Herbal medicine has become very popular among those who are tired of constantly taking prescription medication made in a lab. The feeling that herbal supplements are safer and better for you may be the reasoning behind this increase in herbal popularity.
Simply put, our libido is our sex drive. There are supplements on the market today that claim to increase libido in both males and females, but there are also supplements that can decrease sex drive. According to Dr. Beatrix Roemheld-Hamm of the University of Medicine and Dentistry of New Jersey-Robert Wood Johnson Medical School, chasteberry has been used for years for the treatment of certain gynecological conditions and breast health issues. However, in men, it is said to decrease libido by decreasing prolactin levels when administered in small doses. In the days of old, chasteberry was used by clergymen who had taken an oath of celibacy, to keep sexual urges to a minimum. Dr. Roemheld-Hamm states that not enough clinical evidence is available to prove that chasteberry does or does not decrease libido, despite reports by patients that it does.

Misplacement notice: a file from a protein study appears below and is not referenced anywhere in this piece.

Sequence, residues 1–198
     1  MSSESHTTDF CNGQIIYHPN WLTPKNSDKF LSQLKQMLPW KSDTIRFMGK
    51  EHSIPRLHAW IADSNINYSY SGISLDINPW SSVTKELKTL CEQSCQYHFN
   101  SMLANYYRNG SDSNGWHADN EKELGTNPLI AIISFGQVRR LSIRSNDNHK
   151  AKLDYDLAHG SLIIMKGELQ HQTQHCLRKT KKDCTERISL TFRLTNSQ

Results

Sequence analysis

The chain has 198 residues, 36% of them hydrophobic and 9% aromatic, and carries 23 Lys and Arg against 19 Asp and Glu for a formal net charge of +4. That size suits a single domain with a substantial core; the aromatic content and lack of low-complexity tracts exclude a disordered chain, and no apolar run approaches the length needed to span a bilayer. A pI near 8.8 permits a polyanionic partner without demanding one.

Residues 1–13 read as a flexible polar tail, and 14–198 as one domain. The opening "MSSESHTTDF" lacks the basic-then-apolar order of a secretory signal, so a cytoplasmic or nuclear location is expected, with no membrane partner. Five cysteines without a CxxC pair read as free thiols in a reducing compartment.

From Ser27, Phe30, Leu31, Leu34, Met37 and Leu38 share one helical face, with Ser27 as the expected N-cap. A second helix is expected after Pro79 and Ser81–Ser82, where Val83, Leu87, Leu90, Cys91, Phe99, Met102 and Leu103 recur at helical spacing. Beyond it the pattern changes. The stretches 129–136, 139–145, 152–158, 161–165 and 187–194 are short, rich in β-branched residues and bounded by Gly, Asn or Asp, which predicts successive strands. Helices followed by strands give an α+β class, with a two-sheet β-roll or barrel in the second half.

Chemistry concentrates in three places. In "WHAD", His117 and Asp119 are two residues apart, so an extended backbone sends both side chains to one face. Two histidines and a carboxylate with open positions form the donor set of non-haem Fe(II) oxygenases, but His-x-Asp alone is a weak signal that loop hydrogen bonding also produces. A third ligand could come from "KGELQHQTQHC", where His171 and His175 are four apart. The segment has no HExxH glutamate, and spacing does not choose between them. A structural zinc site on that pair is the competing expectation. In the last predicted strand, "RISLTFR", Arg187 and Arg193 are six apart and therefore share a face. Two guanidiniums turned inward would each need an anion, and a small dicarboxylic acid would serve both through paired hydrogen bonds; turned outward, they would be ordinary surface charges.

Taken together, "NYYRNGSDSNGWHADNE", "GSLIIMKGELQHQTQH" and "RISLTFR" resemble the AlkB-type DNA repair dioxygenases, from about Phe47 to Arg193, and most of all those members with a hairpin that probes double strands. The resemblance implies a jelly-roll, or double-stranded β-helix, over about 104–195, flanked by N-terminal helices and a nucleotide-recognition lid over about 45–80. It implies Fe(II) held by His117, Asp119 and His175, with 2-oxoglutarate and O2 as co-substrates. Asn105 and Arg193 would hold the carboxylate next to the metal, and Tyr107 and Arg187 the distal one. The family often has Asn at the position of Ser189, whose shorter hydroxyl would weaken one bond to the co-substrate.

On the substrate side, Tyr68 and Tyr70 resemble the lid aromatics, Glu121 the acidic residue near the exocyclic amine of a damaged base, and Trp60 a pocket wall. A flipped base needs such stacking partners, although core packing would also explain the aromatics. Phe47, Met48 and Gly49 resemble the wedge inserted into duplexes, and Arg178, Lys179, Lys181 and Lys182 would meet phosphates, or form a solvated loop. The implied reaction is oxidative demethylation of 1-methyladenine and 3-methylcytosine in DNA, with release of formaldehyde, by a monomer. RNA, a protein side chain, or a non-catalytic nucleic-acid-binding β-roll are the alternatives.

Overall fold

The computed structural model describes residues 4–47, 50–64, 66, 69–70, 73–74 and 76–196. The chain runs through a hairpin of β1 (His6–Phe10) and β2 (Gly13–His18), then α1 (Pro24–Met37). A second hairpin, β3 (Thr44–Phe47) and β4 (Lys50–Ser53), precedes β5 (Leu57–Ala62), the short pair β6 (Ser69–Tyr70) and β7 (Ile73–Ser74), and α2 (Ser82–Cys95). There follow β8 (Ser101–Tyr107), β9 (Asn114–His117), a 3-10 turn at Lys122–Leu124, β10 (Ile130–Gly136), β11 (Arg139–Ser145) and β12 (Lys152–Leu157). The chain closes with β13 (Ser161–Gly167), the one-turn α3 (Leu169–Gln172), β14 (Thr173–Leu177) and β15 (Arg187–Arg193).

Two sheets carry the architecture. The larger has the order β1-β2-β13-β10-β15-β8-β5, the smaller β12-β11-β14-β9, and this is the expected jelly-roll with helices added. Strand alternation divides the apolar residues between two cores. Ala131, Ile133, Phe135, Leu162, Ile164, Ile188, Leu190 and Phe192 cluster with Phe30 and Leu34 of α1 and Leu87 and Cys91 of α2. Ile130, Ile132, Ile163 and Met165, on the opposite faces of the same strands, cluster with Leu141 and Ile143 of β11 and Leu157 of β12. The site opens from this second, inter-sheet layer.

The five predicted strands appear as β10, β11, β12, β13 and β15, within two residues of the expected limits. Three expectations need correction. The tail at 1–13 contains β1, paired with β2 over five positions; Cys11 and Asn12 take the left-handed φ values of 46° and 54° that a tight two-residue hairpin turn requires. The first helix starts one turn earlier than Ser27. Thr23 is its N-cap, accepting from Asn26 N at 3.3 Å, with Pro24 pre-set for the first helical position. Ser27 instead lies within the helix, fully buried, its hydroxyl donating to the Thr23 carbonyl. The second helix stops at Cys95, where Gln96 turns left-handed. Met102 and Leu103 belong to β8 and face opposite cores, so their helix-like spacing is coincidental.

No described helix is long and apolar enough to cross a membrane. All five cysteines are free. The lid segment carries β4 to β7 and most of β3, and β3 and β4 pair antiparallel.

Hops and Valerian
Hops is an additive to beer that gives it its bitter flavor but can aid in more than just intoxication. Hops can cause vaginal dryness in women. In men, hops makes it very difficult to maintain an erection. Valerian is used to calm the nervous system in the event of pain and aid in sleep. It also has been used to treat symptoms of premenstrual syndrome, but has been reported to lower libido in women. There is currently no scientific information to back this claim, but it has been reported by users of valerian that they have experienced decreased sex drive while using this herbal remedy.
Rehmannia, Ligistrum and Skullcap
Rehmannia is a Chinese herb that is used in people with extremely high libido. In the same family is ligistrum, which is also a libido suppresant. Both herbs work on the nervous system to make arousal more difficult for the patient. Skullcap also works on the nervous system, but it also lowers blood pressure, making erections difficult to obtain and maintain in men.
Sharin Griffin has been a freelance writer since 2009, specializing in health-related articles. She has worked in the health-care industry as a certified nursing assistant and medical technician. Griffin's medical expertise encompasses bariatrics and geriatric care, with an emphasis on general medicine. She is completing an associate degree in health-care administration from Axia University.